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Hi Simcha,

My question is probably not a simple one but it's been nagging at me for a long time, and at the moment it's quite relevant and urgent (!).

I know that love is about much more than physical attraction, and I know that "sheker ha'hein v'hevel hayofi." On the other hand I know that Chazal said that a man is not allowed to marry a women before he sees her so as to make sure that she finds favor in his eyes (such that one who is "machmir" with trying to make the relationship work even if she doesn't find favor in his eyes is essentially being "meikil" vis-a-vis the din of "v'ahavta l'reiacha kamocha").

So basically what's the proper balance? I'll to illustrate the question:
If a meet a girl with a great personality and lots of good qualities, but after meeting a few times I don't find myself attracted to her physically, should I end the relationship or keep on investing in it and hope things turn around?
Or I'll ask the question a different way - should I break up a relationship with a girl if she has the qualities I'm looking for, but I can't see myself being able to look her in the eye and tell her she looks beautiful?
Or a different variation - if I meet a girl for the first time and right away say to myself that she doesn't look attractive, should I continue or just end it there before anyone gets hurt?
Or yet another variation - should a normal man expect himself to be able to develop a loving, intimate relationship with a woman to whom he doesn't feel a strong physical attraction?

Thank you in advance!


Dear David,

I will quote you a teshuva of Rav Moshe, and some commentary which we published in an article, which sheds some light on the issue:

    "One should not be too clever [in searching for a mate, rather look for] a woman who you find attractive both in her appearance and in [the qualities] of her family, and who has a positive reputation that she follows our traditions. With regard to such a person, you should rely on the above evidence and marry her in the hopes she is the one designated for you by Heaven. It is not necessary to excessively inspect her and such efforts will not accomplish should relate to Hashem with simple trust (Devarim 18:13)." (Igros Moshe, Y.D. Vol. 1:90)

Rav Moshe alerts us to a number of points that are worth studying carefully. In general, we see from here a glimpse of Rav Moshe's emotionally uncomplicated and psychologically healthy approach to faith and human effort. Although one should look for a mate who is both physically attractive and comes from a good family, Rav Moshe cautions against trying "too hard" and being "too clever". Evidently, Rav Moshe was of the opinion that we need to make only reasonable efforts in order to merit G-d's providence. Furthermore, if one overly scrutinizes a situation, aside from causing needless worry, Rav Moshe is of the opinion that "it will not accomplish anything." This also seemed to be Rav Moshe's approach to faith and life in other areas as well. Rav Moshe only worried about that which he could control or still change, but regarding matters he felt were beyond his control he trusted in Hashem. Thus for example, when his doctors suspected he had a heart attack, he was of the opinion that it was incorrect to take a blood test that would verify if he did or did not actually have this heart attack. This is because the event occurred in the past and his current medical situation was already stabilized. Being of no relevance at the moment, and beyond his control, he preferred to trust in providence. (See the biographical introduction to Igros Moshe, Y.D. Volume 5, where this is explained in detail.)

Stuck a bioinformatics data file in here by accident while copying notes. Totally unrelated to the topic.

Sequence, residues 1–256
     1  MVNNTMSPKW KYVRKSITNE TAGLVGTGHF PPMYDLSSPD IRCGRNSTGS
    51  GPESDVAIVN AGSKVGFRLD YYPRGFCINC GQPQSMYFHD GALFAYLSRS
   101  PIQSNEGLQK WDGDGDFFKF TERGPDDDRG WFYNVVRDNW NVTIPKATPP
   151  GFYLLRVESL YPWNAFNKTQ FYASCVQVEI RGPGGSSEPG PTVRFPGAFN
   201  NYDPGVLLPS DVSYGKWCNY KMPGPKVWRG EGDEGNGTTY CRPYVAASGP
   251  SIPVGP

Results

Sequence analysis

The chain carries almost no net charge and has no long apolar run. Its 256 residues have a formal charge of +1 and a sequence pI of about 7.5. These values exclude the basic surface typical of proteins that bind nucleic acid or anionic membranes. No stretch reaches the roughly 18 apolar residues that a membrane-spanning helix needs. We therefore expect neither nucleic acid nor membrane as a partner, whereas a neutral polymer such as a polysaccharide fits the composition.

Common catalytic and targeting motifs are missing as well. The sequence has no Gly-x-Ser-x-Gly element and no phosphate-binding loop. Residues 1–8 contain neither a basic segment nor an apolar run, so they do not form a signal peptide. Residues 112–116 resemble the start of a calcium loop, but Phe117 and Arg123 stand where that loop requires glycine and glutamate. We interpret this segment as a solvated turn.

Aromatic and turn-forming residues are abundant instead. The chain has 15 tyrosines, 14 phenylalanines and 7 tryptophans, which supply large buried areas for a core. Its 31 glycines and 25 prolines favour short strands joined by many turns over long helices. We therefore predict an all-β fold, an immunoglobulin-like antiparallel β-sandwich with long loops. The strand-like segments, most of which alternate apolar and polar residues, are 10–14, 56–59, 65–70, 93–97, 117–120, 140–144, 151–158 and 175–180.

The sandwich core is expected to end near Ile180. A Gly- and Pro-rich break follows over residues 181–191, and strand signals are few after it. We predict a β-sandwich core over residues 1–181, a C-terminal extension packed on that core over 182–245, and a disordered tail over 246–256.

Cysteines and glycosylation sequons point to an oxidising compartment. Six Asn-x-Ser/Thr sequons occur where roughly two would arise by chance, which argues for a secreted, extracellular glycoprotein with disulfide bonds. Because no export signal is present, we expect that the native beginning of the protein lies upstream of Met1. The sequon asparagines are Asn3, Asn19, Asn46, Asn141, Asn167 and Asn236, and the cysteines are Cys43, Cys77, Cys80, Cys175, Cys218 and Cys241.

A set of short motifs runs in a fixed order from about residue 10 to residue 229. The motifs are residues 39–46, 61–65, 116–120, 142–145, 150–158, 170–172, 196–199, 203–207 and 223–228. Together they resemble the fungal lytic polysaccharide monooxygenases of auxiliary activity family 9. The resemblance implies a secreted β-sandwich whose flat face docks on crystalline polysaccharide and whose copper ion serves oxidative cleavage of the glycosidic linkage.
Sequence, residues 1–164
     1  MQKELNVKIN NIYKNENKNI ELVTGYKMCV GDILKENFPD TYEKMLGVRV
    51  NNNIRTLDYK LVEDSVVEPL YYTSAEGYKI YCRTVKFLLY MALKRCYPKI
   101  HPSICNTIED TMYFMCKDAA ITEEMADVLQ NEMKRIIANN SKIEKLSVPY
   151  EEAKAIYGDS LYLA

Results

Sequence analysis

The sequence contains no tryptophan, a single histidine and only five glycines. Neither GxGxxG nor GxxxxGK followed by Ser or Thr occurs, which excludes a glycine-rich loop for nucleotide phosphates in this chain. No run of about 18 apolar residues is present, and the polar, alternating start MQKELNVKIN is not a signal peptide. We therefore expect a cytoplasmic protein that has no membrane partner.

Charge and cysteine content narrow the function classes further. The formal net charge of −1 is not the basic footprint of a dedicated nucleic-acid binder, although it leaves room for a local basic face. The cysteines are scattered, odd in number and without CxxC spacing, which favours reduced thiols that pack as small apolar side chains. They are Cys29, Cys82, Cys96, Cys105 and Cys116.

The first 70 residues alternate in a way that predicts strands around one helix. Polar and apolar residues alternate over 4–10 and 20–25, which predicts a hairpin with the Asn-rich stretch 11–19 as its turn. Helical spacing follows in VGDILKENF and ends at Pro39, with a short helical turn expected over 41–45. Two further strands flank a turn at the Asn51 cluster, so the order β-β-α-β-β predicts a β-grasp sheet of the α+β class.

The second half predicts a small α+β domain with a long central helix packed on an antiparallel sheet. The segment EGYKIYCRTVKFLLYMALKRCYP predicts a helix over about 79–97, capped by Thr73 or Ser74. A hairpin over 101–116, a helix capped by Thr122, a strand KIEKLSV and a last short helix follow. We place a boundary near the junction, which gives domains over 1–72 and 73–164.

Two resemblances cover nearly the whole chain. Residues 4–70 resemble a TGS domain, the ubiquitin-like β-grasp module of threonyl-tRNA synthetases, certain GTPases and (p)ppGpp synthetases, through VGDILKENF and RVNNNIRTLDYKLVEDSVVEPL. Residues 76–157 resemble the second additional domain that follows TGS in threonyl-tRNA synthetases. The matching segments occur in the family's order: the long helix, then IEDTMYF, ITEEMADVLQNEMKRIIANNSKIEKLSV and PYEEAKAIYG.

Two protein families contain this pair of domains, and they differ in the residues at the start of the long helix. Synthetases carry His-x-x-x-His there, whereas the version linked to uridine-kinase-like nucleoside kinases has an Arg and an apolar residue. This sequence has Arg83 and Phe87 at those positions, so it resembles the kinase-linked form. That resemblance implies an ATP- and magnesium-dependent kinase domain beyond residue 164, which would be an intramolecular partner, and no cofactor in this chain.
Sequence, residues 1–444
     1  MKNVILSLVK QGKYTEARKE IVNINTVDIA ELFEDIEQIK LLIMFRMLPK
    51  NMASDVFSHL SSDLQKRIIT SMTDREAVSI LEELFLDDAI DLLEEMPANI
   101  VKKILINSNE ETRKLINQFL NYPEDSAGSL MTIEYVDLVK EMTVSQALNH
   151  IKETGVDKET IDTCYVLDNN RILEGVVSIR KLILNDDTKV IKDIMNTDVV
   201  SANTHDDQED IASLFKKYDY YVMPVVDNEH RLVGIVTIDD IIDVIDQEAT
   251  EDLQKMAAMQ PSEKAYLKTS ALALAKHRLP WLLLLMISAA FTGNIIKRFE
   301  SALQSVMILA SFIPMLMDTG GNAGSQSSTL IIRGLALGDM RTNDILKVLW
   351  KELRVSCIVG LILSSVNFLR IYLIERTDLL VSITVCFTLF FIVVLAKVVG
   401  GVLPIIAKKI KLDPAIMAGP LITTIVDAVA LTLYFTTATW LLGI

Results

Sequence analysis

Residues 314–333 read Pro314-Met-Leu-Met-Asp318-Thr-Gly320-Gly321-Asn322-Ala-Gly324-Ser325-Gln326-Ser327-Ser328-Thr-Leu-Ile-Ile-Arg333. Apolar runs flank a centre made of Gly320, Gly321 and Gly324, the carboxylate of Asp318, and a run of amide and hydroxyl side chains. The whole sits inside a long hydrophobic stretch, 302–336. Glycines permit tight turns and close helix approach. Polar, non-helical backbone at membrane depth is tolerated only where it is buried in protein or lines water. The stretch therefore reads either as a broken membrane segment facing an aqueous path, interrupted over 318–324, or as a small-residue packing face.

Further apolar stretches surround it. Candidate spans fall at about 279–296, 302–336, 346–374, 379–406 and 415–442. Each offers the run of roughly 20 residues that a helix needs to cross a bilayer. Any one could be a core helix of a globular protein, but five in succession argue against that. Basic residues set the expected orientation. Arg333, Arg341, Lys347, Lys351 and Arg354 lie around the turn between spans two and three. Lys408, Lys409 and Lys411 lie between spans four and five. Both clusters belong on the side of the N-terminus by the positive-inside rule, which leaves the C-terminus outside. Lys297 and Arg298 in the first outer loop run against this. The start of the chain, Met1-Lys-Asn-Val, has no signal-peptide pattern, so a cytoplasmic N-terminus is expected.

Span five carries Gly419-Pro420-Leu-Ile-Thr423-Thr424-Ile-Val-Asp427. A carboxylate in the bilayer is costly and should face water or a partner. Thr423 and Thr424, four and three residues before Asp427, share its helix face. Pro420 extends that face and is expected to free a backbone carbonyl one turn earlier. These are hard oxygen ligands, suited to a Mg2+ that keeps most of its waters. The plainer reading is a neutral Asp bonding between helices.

The psychological benefits of Rav Moshe's approach are obvious. This idea is also reflected in the serenity prayer (used as a source of inspiration for recovering addicts), which goes as follows: "G-d, grant me the serenity to accept the things I cannot change, courage to change the things I can, and the wisdom to know the difference."

Another important point to consider is that no matter how much research we do, and how much we feel we know our intended spouse, that person is essentially a stranger. You don't really know a person until you have both been up for several evenings with one child who has a temperature of 104, another who threw up all over the new carpet, and numerous bills to pay. When the chips are down and people are under great stress, they will likely revert to their old and earliest behaviors and patterns of relating, so a person's upbringing is an important factor to consider. Therefore, Rav Moshe's advice about looking at the qualities of a potential mate's family should be heeded."

However, here is where it gets tricky: Yes, one should not marry someone for whom he has no feelings attraction. But, no, it should not take hundreds of dates over many years to find such a person. So, something to consider is, if it is taking an unusual amount of time to find that person, or if one is always attracted to people who don't seem to be attracted to him, then there may be unconscious avoidance mechanisms at work.

Be Successful!


Rabbi Simcha Feuerman, CSW co-authors a weekly column in the Jewish Press on religion, relationships and parenting, along with his wife Chaya Feuerman, CSW. The Feuermans also have authored a book, titled "How to Have Fun Without Getting into Trouble: Essays on Relationships, Parenting and the Self" available through Rowman and Littlefield, inc. In addition, Simcha serves as Director of Community Services at Ohel Children’s Home and Family Services. He received training in family therapy from the Philadelphia Child Guidance Center and maintains a private psychotherapy practice in Queens, New York, where he provides individual therapy, family therapy and couples counseling.

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